[time-nuts] ? phase comparison or other device

Magnus Danielson magnus at rubidium.dyndns.org
Sat Jun 30 10:33:41 EDT 2007

From: Dr Bruce Griffiths <bruce.griffiths at xtra.co.nz>
Subject: Re: [time-nuts] ? phase comparison or other device
Date: Sun, 01 Jul 2007 02:15:55 +1200
Message-ID: <4686659B.8000205 at xtra.co.nz>

> Magnus Danielson wrote:
> > Ulrich,
> >
> >   
> >> you are right: Both of these articles should be read with Collins's
> >> perhaps the better (and newer!) one. 
> >>
> >> There is however one question remaining for me: When I learned
> >> electronics it was generally considered bad design to let an amplifier
> >> run into limiting due to supply limitations. If limiting was needed, so
> >> was the rule, then it should be accomplished by planned feedback, say an
> >> pair of antiparallel diodes in the feedback path. Can you give some
> >> comments on whether this also applies to ZCDs or if really supply based
> >> limiting is necessary?
> >>     
> >
> > It is actually a specific design-trick on Collins behalf to saturate the
> > op-amp since this infact acts like a noise-gate. By having the output stage
> > saturated rather than operating linearly the noise as seen by the output RC
> > filter is that of only the saturated transistor and not that of the input
> > gained up. A diode limiter in the feedback path will maintain the op-amp in
> > the linear operating range and thus cause the noise to continue to polute the
> > output filter. What you can possibly acheive is the steer how deeply you run
> > into output saturation tought.
> >
> > So, in this case op-amp saturation is a key trick to increased performance.
> >
> >   
> Not true, there's nothing magic about amplifier saturation, any means 
> that limits the amplifier output whilst dropping the small signal gain 
> to a low value will have exactly the same effect.

So you don't think the input-to-output gain is greatly affected when in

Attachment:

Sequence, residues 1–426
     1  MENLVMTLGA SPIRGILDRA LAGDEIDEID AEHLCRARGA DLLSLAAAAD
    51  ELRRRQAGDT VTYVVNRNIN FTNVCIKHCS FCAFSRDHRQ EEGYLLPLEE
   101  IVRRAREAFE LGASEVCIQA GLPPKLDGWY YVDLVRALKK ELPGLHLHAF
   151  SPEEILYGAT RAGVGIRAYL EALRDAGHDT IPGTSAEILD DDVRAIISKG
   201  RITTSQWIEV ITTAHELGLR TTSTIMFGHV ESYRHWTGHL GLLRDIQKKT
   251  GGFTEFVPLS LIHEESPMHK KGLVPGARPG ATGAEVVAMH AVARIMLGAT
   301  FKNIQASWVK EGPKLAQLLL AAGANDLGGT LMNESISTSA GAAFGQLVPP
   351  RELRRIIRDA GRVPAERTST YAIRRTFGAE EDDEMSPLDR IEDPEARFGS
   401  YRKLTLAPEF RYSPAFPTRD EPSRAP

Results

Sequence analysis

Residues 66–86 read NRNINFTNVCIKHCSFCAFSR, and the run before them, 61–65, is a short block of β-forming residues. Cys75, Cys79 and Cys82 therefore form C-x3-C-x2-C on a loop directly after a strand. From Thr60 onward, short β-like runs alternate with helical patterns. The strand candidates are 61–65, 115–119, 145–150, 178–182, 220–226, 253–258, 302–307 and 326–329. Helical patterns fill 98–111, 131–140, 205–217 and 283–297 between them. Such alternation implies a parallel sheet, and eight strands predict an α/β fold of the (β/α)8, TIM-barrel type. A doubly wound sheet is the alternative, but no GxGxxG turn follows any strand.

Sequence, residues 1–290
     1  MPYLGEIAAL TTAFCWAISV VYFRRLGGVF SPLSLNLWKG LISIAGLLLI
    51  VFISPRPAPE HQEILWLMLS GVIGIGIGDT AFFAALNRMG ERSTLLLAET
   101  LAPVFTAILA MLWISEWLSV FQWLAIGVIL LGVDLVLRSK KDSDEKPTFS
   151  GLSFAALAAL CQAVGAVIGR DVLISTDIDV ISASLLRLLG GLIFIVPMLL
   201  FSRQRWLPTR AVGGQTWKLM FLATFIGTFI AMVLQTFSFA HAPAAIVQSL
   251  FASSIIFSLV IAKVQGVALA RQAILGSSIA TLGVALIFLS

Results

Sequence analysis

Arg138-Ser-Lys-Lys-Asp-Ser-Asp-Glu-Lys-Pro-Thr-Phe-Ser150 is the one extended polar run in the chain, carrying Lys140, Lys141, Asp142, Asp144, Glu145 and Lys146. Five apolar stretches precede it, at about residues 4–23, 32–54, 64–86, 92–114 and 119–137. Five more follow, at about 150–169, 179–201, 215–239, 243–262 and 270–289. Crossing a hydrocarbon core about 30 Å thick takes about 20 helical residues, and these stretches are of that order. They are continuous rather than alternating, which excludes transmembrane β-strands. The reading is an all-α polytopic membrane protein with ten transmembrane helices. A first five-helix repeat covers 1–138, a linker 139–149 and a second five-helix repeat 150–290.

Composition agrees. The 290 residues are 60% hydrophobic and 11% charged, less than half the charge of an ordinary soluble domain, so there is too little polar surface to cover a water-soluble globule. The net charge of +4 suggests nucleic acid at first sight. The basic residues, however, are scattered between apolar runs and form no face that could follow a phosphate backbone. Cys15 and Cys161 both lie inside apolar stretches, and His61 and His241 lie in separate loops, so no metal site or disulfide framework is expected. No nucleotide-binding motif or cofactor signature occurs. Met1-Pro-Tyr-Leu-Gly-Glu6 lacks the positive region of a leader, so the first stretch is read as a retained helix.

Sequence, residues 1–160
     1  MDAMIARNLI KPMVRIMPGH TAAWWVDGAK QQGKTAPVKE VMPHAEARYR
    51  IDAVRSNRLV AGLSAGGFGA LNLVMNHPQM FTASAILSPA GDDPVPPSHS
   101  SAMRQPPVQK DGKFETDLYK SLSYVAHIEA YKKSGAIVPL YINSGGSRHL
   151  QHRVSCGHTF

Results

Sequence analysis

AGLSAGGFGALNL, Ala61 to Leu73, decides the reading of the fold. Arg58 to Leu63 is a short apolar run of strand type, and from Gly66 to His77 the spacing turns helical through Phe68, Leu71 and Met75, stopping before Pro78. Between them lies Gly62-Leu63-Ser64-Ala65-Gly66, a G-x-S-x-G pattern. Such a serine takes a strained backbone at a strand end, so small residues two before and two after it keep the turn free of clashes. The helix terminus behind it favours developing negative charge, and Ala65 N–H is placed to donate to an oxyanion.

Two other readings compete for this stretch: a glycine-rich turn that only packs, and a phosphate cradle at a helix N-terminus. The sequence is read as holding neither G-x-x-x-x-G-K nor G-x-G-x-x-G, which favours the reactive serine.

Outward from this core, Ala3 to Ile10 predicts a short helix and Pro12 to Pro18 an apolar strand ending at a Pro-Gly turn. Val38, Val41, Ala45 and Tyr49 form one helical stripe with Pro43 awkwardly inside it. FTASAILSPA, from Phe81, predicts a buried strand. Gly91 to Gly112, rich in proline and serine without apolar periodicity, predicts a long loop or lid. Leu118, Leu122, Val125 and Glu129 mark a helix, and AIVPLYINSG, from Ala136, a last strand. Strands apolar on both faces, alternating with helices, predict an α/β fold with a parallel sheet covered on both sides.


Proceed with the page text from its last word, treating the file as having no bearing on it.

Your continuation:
saturation? That is usually what happneds IMHO.

The gain in saturation will be less than 1. Thus, early noise sources will be
dampend rather than gained. In a diode clamp they will have unity gain rather
than gained. There's the difference.

> In most cases recovery from saturation will be too slow for the later 
> stages of the ZCD.
> Those amplifiers that have fast recovery from saturation usually employ 
> internal diode clamps.
> A diode clamp in the feedback path will cut the noise gain to 1 when 
> either diode turns on. The following diode clamp across the filter 
> capacitor will reduce the noise gain to a very small value when it turns on.
> Both diode clamps and internal saturation will still produce some output 
> noise although not from the amplifier input stages.

Well, this is true. But it again shifts the noise levels from the ideal zero.

The full gain is when the output saturates, but this has the drawback in
recovery time. I think the output saturation may be better for the first stage
where as a clamped variant is better for the following stages. For the first
stage you also have the noise out of the mixer to consider.

I might buy your argument better if you'd show me that the noise of the
saturated output stage is worse than the gain-of-1 alternative. If the noise
is just slightlty worse with the clamping, then its benefits outperforms the
loss in noise margin.


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